This new website, Media and Cultural Work, is targeted at those working in the media and cultural industries, as practitioners, activists, policy makers, campaigners, students and academics.
Devised by David Hesmondhalgh and Kate Oakley, at the School of Media and Communication, University of Leeds, the aim of the website is to create an international forum to address a range of issues in the sector, including inequalities (gender and ethnic) and the precarious nature of cultural work.
The appeal of working in the media and cultural industries has never been higher. Many young people want to enter these industries and many workers tolerate low pay and poor working conditions to stay within them. But better working conditions and an end to exploitative forms of unpaid work are vital if we want more open and diverse media and cultural industries.
The resource can be followed on Twitter: @mediaculturwork
Graham Allcott, founder of time management training specialists Think Productive, takes us through some productivity myths.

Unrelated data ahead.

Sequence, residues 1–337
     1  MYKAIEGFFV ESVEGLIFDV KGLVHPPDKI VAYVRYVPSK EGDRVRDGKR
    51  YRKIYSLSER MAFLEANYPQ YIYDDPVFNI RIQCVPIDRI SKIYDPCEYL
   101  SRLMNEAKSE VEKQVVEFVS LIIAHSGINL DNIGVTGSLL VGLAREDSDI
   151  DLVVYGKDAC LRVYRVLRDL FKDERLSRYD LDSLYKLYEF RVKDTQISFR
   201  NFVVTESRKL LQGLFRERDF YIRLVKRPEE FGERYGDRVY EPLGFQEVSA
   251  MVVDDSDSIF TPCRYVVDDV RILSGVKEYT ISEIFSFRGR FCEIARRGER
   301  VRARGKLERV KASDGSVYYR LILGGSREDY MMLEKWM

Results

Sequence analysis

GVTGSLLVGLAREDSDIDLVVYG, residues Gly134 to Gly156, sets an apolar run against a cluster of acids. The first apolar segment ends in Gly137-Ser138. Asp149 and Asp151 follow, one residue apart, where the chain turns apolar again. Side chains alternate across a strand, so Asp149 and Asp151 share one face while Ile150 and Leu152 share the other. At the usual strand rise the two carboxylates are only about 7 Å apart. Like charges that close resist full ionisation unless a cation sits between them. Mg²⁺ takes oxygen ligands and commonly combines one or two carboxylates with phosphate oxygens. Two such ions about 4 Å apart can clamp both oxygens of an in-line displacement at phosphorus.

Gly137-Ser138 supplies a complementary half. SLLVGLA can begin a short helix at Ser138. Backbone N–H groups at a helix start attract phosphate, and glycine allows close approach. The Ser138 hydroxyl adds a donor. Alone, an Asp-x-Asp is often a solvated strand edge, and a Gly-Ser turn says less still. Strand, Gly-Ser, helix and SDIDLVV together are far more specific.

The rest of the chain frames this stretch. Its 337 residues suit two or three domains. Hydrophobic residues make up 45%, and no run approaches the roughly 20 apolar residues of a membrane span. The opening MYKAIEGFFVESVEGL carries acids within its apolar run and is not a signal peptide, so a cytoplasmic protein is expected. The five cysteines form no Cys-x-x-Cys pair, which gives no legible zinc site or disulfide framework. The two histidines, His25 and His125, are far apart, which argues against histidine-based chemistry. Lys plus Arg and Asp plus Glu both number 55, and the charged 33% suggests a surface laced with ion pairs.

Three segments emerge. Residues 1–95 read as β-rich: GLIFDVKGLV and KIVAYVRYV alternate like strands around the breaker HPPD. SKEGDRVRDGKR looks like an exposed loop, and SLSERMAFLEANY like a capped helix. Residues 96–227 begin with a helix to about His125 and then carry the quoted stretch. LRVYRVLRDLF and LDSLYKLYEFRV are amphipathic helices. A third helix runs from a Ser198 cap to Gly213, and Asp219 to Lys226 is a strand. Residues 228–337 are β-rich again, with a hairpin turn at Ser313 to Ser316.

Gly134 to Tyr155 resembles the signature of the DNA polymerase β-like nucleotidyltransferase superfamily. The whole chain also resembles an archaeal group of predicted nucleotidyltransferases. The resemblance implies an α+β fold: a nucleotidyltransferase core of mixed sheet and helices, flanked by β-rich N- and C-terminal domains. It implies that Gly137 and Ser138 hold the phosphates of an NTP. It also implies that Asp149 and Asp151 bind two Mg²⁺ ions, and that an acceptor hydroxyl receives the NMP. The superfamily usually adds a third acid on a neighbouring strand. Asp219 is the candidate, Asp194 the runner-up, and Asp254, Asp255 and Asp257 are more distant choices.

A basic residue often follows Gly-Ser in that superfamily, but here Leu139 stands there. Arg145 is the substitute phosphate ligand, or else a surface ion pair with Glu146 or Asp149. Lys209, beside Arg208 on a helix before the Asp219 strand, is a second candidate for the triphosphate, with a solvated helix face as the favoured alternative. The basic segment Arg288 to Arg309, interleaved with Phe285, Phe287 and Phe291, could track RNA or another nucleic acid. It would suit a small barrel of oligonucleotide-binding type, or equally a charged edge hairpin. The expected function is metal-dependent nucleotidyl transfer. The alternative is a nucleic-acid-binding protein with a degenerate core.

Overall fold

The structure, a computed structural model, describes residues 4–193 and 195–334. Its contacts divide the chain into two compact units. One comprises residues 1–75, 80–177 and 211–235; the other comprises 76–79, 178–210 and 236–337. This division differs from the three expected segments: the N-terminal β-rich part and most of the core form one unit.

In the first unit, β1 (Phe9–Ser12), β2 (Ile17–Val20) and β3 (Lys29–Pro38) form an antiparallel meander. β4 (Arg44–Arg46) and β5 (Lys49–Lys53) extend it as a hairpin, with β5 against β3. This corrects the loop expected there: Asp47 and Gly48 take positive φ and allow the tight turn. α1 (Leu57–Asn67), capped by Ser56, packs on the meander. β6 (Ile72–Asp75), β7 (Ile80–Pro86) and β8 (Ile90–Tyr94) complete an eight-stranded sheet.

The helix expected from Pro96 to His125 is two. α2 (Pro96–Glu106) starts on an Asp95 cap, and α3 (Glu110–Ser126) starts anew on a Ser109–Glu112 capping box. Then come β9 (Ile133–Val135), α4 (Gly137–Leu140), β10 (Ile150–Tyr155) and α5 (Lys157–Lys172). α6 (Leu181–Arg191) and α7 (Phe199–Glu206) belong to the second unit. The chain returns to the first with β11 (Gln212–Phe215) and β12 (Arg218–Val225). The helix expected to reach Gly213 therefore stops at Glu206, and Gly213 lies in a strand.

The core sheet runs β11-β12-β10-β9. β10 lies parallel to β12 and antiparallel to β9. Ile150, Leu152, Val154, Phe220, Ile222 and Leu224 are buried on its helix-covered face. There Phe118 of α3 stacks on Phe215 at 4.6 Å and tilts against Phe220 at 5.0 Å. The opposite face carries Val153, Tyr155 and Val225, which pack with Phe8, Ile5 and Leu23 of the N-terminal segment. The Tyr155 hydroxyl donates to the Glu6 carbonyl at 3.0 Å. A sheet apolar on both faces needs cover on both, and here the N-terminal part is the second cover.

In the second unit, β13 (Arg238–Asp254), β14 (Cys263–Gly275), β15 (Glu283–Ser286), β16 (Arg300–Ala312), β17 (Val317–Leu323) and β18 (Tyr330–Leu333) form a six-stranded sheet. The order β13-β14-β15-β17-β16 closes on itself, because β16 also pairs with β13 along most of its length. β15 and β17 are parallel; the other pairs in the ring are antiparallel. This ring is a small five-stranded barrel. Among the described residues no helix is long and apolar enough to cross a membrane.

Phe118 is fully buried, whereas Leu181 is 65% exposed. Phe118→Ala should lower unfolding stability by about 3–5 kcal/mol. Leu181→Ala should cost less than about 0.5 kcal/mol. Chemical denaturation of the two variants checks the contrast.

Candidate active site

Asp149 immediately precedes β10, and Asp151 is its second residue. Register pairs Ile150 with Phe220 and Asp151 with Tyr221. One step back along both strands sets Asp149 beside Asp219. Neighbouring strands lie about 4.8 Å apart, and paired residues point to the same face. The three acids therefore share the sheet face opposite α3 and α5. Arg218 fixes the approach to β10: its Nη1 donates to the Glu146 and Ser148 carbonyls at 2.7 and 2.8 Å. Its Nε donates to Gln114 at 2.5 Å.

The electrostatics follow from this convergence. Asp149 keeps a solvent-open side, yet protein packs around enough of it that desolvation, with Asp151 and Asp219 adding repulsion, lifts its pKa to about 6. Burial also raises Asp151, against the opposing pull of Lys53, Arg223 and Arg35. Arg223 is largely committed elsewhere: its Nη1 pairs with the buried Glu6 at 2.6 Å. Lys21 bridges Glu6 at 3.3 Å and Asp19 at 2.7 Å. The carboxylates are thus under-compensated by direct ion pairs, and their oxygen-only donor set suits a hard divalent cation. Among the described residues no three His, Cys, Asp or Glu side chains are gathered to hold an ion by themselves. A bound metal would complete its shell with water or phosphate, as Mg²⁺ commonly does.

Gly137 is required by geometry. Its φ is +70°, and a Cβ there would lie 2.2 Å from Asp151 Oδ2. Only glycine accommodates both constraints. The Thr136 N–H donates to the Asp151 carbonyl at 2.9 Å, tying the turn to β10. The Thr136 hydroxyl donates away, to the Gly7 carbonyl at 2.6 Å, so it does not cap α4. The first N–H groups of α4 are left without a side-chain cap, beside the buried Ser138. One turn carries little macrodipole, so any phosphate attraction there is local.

Time management – it’s a myth
When someone is feeling overwhelmed and has too much to do, they often say things like “I need to get better at time management”, but time management is the wrong definition, and it leads to people chasing a problem that can’t be solved. As effective as the best business leaders are, they cannot manage time either: everyone has the same number of hours in their day. The problem is really how we manage our attention. If I focus on time, I may very efficiently schedule difficult work for Friday afternoon, when I’m so tired I don’t have the attention resources available. Likewise, we all have only 2-3 hours a day of what I call ‘Proactive Attention’ – where our attention, energy and concentration levels mean we’re truly on top of our game. It’s how we manage that resource, which is much more limited than time, which ultimately determines our productivity. A Productivity Ninja manages attention, not time.
Continue reading 5 Productivity Myths for Creative People
We had a fascinating discussion yesterday, Wednesday 11th February, at the weekly BCMCR research seminar. First, Dr Christina Scharff presented her research project ‘Young, female and entrepreneurial?
Exploring the working lives of young women in the classical music profession’ addresses various timely issues, such as the racial, classed and gendered inequalities that characterise the classical music profession, the gendered politics of self-promotion, as well as the psychic life of neoliberalism and the subjective experiences of precarious work.